Ludwik: a Corporal in Anders’ Army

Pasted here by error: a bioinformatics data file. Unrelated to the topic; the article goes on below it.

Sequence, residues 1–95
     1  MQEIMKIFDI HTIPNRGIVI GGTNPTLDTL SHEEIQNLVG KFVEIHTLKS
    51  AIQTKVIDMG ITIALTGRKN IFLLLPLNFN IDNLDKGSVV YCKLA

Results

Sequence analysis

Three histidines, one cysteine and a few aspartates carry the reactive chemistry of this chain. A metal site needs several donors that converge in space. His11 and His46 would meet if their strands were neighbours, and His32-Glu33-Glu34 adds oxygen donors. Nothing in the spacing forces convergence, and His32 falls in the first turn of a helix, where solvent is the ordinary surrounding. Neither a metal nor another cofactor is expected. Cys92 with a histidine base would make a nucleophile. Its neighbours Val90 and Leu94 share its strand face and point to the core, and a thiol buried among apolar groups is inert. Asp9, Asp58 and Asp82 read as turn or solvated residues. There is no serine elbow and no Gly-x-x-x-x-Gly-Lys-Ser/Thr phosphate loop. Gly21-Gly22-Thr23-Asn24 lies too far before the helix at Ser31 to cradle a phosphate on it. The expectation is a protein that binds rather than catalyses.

Ludwik: a Corporal in Anders’ Army Introduction Ludwik Cytera (1) was born in Rudka, 80km north of Lwów in pre-war Poland, on 16th July 1913. As an army Corporal, he participated in World War II action in Monte Cassino and the rest of the Italian campaign. I always thought of him as a war hero because of this, but how he got from Lwów to Italy to fight with the Allies is not something that I ever knew much about until recently. Ludwik was my grandfather and this is his story. But it is one which he did not tell himself. He did not even tell it to his only surviving son, my father, who always said Ludwik never wanted to talk about it. So, this is not a story which has been passed on. Although I did not realise it at the time, one of my last meetings with Ludwik led me led me to piece it together some 25 years later, thanks to the landmark work “Trail of Hope” by Norman Davies. This revelatory book gave me the inspiration to dig up the old photos, look again at the medals and find out what it all really meant. I am now sure that this is what Ludwik intended me to do, so that I could tell his story in a way he could never bring himself to do. “Rosja zawsze będzie wrogiem” The only part of the story that Ludwik ever told me directly was this statement, that Russia was the enemy. I was in my 20s at the time, and rather puzzled by it. My knowledge of the Second World War was limited to having watched The Dambusters and Colditz on TV, and building Airfix models of planes like the Spitfire and ships like the Tirpitz in my teens. As far as I was concerned, the Russians were on our side in the war. As for why our family ended up in Great Britain, I had just swallowed the line from other Polish members of the family, who should have known better, that “the Russians had formed a Polish army”. Although this was staggeringly far from the truth, I did not question it at the time. However, Ludwik’s antipathy towards Russia did stick in my mind, his words repeatedly coming back to me as the age of Putin has unfolded. The reasons for his view are obvious from what happened to him. When the Soviet Union and Nazi Germany together invaded Poland at the start of World War II, Ludwik was deported to Siberia with his wife Adela and their three-year-old son, Mieczysław. They had this fate in common with around 1.5 million other Poles living in the eastern part of Poland known as the ‘Kresy’, with its two main population centres being Lwów in the south (present-day Lviv in Ukraine) and Wilno in the north (present-day Vilnius, Lithuania). These people suffered appalling conditions in gulags, most dying of hunger, disease or the winter. Unlike the people featured in “Trail of Hope”, we have no record of our family’s time in Siberia. No trace of their deportation to the Gulags, no train tickets or transit documents tracing their movements to the south of the Soviet Union where the Anders’ Army recruitment centres were located. But we know they were there, as my father’s first childhood memory testifies: the trans-Siberian journey to Iran. He remembered how people desperately needed to relieve themselves, left the train to do so when it stopped, and were left behind to freeze to death. No wonder that what came after seemed like paradise to him. “Rosja zawsze będzie wrogiem” The only part of the story that Ludwik ever told me directly was this statement, that Russia was the enemy. I was in my 20s at the time, and rather puzzled by it. My knowledge of the Second World War was limited to having watched The Dambusters and Colditz on TV, and building Airfix models of planes like the Spitfire and ships like the Tirpitz in my teens. As far as I was concerned, the Russians were on our side in the war. As for why our family ended up in Great Britain, I had just swallowed the line from other Polish members of the family, who should have known better, that “the Russians had formed a Polish army”. Although this was staggeringly far from the truth, I did not question it at the time. However, Ludwik’s antipathy towards Russia did stick in my mind, his words repeatedly coming back to me as the age of Putin has unfolded. The reasons for his view are obvious from what happened to him. When the Soviet Union and Nazi Germany together invaded Poland at the start of World War II, Ludwik was deported to Siberia with his wife Adela and their three-year-old son, Mieczysław. They had this fate in common with around 1.5 million other Poles living in the eastern part of Poland known as the ‘Kresy’, with its two main population centres being Lwów in the south (present-day Lviv in Ukraine) and Wilno in the north (present-day Vilnius, Lithuania). These people suffered appalling conditions in gulags, most dying of hunger, disease or the winter. Unlike the people featured in “Trail of Hope”, we have no record of our family’s time in Siberia. No trace of their deportation to the Gulags, no train tickets or transit documents tracing their movements to the south of the Soviet Union where the Anders’ Army recruitment centres were located. But we know they were there, as my father’s first childhood memory testifies: the trans-Siberian journey to Iran. He remembered how people desperately needed to relieve themselves, left the train to do so when it stopped, and were left behind to freeze to death. No wonder that what came after seemed like paradise to him. Escape from the USSR Everything changed when Hitler reneged on the Molotov-Ribbentrop pact in 1941. With his erstwhile ally now threatening to annihilate the USSR, Stalin was forced to collaborate with Great Britain. But although the Americans had not yet sent a single soldier to Europe, Britain was not alone as is often stated. Both the exiled French and Polish governments were based in London, and the latter had already supplied highly skilled military personnel who had escaped Poland. General Maczek’s 1st Polish Armoured Division was stationed in Scotland, the Carpathian Brigade in North Africa, and around 8000 Polish RAF personnel, including the famous 303 Squadron, had made all the difference in the Battle of Britain. Stalin therefore had to agree to the release the Poles from the Gulags to form an army to fight the Nazis. Stalin paid lip-service to the deal, resulting in many more deaths as Poles had to make their way hundreds of miles to army recruitment camps in Kazakhstan and Uzbekistan. But some made it, including Ludwig and family. It was then down to the negotiating skill of General Anders, who had been put in charge of forming this army in the USSR, to get them to safety where they could be properly fed, accommodated, trained and equipped. 120,000 lives were thus saved, thanks to the great General Anders and the British Army in Persia. They were transported in two evacuations, and we know from the date of Adela’s Polish passport issued in Tehran on 6th June 1942 that the family must have been part of the first (2). From Persia they were separated, with soldiers’ wives and children sent to various corners of the world from New Zealand to Mexico. Adela and Mieczysław went to Masindi in Uganda, which my father often referred to as “the best time of my life”. Climbing up the trees to pick fresh mangoes was something he often mentioned, right up to the end of his life. The pictures bear witness to this paradise under the African sun. (3) 1943: Mieczyslaw and Adela in left photo and on left of right photo (4) 1945: Adela in dark dress in left photo and on right in right photo Despite this seeming paradise, tragedy was to befall them when Adela & Ludwik’s younger son, Josef, died from cholera. From Adela’s passport, we can see that he was not yet born when they were in Iran, so he must have been born either in Masindi or on the ship en route. Ludwik therefore can never have seen his second son. Training in the Middle East Now out of Soviet clutches and under British command, a real fighting force could be created. Ludwik’s documents state that he was in the 4th Lwów Light Artillery Regiment. According to Trail of Hope p.350, he would have been stationed at what was then Isdud in Palestine for training. [The 4000 Palestinian inhabitants were forced to flee in 1948 at the founding of the state of Israel, themselves becoming refugees in the West Bank and Gaza. The Israeli city of Ashdud was founded on the ruins of Isdud in 1956]. The next three pictures (5,6,7) have inscriptions in Polish on the back. In the first, Ludwik is in the centre, he cannot be identified in the second, in the third he may be the one marked: (5) 10th August 1942: Palestyna. Kadra Plut (Palestine, Plut’s staff) (6) 2nd July 1942: Palestyna. Defilada przy dowódcy korpusu (Palestine, a parade by the commander of the corps) (9) 18th July 1942: Palestyna. Po ukonczenia strzelania (Palestine. After finishing shooting) (7) This is from a group of photos dated 1943, the year they moved on from Palestine to Egypt. Ludwik is just to the right of the dog at the front. The only thing I remember Ludwik saying about the middle east and Africa was the word “Tobruk” which I heard him utter to other Polish people at the dinner table. At the time, I assumed he was there, but he could not have been, he must have been recounting stories from the Carpathian Brigade who met. It was other family members who explained to me that he had been at Monte Cassino. The Italy Campaign Later in 1943, The Allies decided to deploy the Polish II Corps, the official name for Anders’ Army, to Italy. They formed part of the Eighth Army, possibly the most multi-national force every assembled, including troops from New Zealand, Canada, India and the Free French mostly from Algeria and Morocco. They were joined by large contingents of Americans who were by now fully committed to the Allied cause. Judging by the vegetation and the group of photos it was with, the action picture of Ludwik (8) may be from Italy shortly after landing at Taranto in 1944. The next four photos (10-12) must be from Italy judging by the buildings, possibly Taranto or Bari or Ancona. In the first, Ludwik is on the right on the balcony. In the second he is seated on the step at the front on the right. In the third and fourth he is with a family he seems to know. I went on a holiday to Poland in 1990, one year after the fall of communism. I was by myself with my Vauxhall Astra, a luxury car compared to the Trabants and Polski Fiats surrounding me. I had been advised to park it in a Parking Strzeżony (guarded car park) to avoid it being broken into, so I found one. The attendant informed me that it was full, so I duly informed him in my broken Polish that my grandfather had fought at Monte Cassino. As an older person, he knew what this meant, and immediately found me a parking space. I expected Ludwik to be delighted by the story when I got back to Great Britain, but he sat impassively and barely reacted. This is the nearest I got to talking about Monte Cassino with him. Whether he was too traumatised, too modest, or just too sad, I do not know. All he passed on from that story of unsurpassed bravery is this picture of the ruins (13). We know from the literature that the Polish II Corps stayed on in Italy until 1947. During that time Ludwik gained a Diploma in telephony, the certificate is here (14) alongside the only document he had left attesting to his marriage with Adela (15). These are pictures of the Monte Cassino demobilisation parade (16): - reprinted photos, issued, and not actually taken by Ludwik. • Bottom left: General Anders is on the right Bottom right: Queen Elizabeth (“Queen Mother”), King George VI, General Anders: Later Life Mieczysław and Adela arrived in Southampton, Great Britain in 1948 on the SS Carnarvon Castle. The excellent website http://www.polishresettlementcampsintheuk.co.uk/ does not have the passenger list but my father was sure it was that ship. Here is Adela’s immigration document which states Ludwik’s army number of 30038956 (17). Ludwik travelled via France, where he visited family, and was re-united with his wife and surviving son in Great Britain. Although Trail of Hope p. 540 states that the 5th and 6th Light Artillery went to resettlement camps in Gloucestershire, the 4th is not listed. We have no photos or records from any resettlement camp, nor was one ever mentioned. The earliest address we have for them is Cattybrook Farm, Almondsbury (near Bristol) where they shared a house with other Polish veterans: this may have been their first British home. Their lives started again in Bristol, where Ludwik found work. Mieczysław grew up and was introduced to a Polish lady also originating from the Kresy, near Wilno. Her parents had gone back to Poland after the war, so she had grown up under Communism. The introduction led to her emigration from Poland in 1962 and their marriage, resulting in my being born around a year later. Ludwik worked at Robinson’s Paper factory near Bristol (“Robinsona” as he called it), which later became Dickinson Robinson Group or DRG. The pay for his position of metal polisher, painter and general odd-job man must have been good compared to what is available for such jobs these days, as he was able to buy a decent 3-bedroom semi with a huge garden. I still have very vivid childhood memories of great times in this real-life garden of eden, full of fruit trees and berry bushes. Here I am with him in the garden in May 1964 (18), and at nearby Eastville Park with Adela and Ludwik in June of the same year (19). As the years went by and I grew up, I noticed how he always said little but kept himself busy. He was always either in the garden tending to the fruit trees, blackcurrant and redcurrant and gooseberry bushes, or tinkering with something in his workshop (szopa). He sometimes mentioned that he had been in the army, but said nothing about which army or where, or what he had done. He was always very helpful as I developed my interest in electronics, never hesitating to get me Ferric Chloride solution from Robinson’s stores to etch my printed circuit boards. He was Conservative-leaning as you might expect from someone who had escaped the horrors of Communism. But he was not extreme by any means. He always used to watch the ITN News with Trevor MacDonald, and when this most famous newsreader bid his viewers goodnight, Ludwik would salute him military fashion and say: “goodnight sir!”. This was many years before Sir Trevor was knighted so Ludwik was ahead of his time. I also remember him strongly criticising gun ownership in America when I brought him to see the flat I had bought in Redland in 1990. It was a touching sight when he and Adela stood up to leave as they were still holding hands at their age. It was the last time I was to see them together as Adela went to a nursing home after I had left Great Britain for a job in France. The Medals By the mid 90s’ I had moved from France to another job in Scotland, and I was on a visit to Bristol to see Ludwik who was living by himself by then. He did not answer the doorbell, so I started walking down the driveway, thinking he might be in the garden. I still vividly remember the scene as he came out of the back door to meet me in front of the garage clutching a plastic bag. He knew his time was nearly up and he wanted me to have his war medals. All six of them, including the prestigious Monte Cassino Cross. Much to my regret, I cannot remember his exact words, but I can picture the scene as if it were yesterday. He pointed to the bag and emphasised how important its contents were. He clearly wanted me to do something with them. He was not asking me for a favour, he was giving me an instruction. Only now has it become clear what it was. At the time, I was leading a somewhat nomadic existence and did not feel able to look after them. So, I gave them to my father for safekeeping, and they went away into one of his drawers for the next 20 years, the book closed, the story still untold. Only last year with my father’s passing have they seen the light of day, signalling me to tell the story as Ludwik had intended. (20) From left: Krzyż Pamiątkowy Monte Cassino (Monte Cassino Commemorative Cross); Polska Swemu Obroncy (Polish defence medal); The 1939-1945 Star; Italy Star; Defence Medal ; War Medal 1939-45. The Monte Cassino Commemorative Cross has a certificate called a “Legitymacja” on the left below. On the right is a certificate for the other Polish II corps medial signed by General Anders. The translation of the text on top and bottom is: “Let us reject everything that separates us, let us accept everything that unites us”(21,22). This certificate (23) has an even more poignant statement: Without Wilno and Lwów, there is no Poland. (24) is a certificate in Polish for the British Italy Star medal. The most interesting correspondence is from the War Office regarding the British 1939-45 War Medal, awarded in place of the Polish “Medal Wojska”. Although the correspondence is undated, the address is the earliest recorded one we have for them in Great Britain (25). The letter carries instructions for obtaining the fourth British medal, marked in red at the bottom. He already had the other three British medals which are all described in this list. End of Life, Start of Story I was the last person in the family to see Ludwik alive when I next come down from Scotland, a year so later. He had been forcibly removed from his home by the social services and was spending his last days at Blackberry Hill psychiatric hospital in Bristol. He acknowledged me but had clearly lost his mind, and spent the visit acting out some scene with imaginary people around him, constantly getting up from his bed, the staff getting him back in. It was an undignified end to what had been a proud life, although I could not help feeling that his state had been triggered by his removal and not the other way around. I felt helpless especially as my father had totally let him down, and said goodbye to him for the last time. He died at this hospital a few months later and is buried at South Bristol Cemetery in the Polish Plot. Here is his memorial which I had erected in 2014, many years after his death. The mention of Monte Cassino is the first time anyone had paid tribute to him, either in life or in death, since the award of his medals. It was only at my father’s funeral at Our Lady of Ostrobrama, the same church as that of Ludwik’s 20 years earlier, that I started to piece the story together. Keen to get the facts right for my father’s eulogy, I wanted to explain how the family got to Bristol from Poland. It was internet searches that taught me about the deportations, and the term “Anders’ Army” which I saw for the first time. The irony is that I was telling this story mostly to an ageing Polish congregation who ought to have known it far better than me. I was approached afterwards by a young lad from Co-Op funeral services who thanked me for it, said how interesting he found it, and that he did not know that part of history. Whilst I felt embarrassed at having known so little for so long, the widespread ignorance of what happened to the people the Kresy made me feel that I must learn more, so as to better tell this important and extraordinary story. A few months later Mark found the excellent BBC Radio documentary “The Odyssey of General Anders' Army”, from which I heard first-hand accounts of the Anders’ Army story for the first time. This in turn led me to find and buy Trail of Hope by Norman Davies as a Christmas present to myself. I ordered a book, but received a revelation. The rest, as they say, is history. Acknowledgements I would like to thank: Norman Davies, for writing Trail of Hope, which has enabled me to understand my grandfather’s story through the experiences of others in Anders’ Army; My brother Mark, for looking after the photos, acting as caretaker for the medals and providing endless support in this journey of discovery; The British Army, for providing a new home for the 120,000 soldiers and dependents who had lost their homes and escaped near-certain death at the hands of the Communists; The Late General Władisław Anders, without whose decisions my grandfather and family would not have survived to give us the wonderful lives we have had; Ludwik himself: his passing the medals to me was the highest honour I had ever received then or since, and which planted the seed which has driven me to discover and tell his story.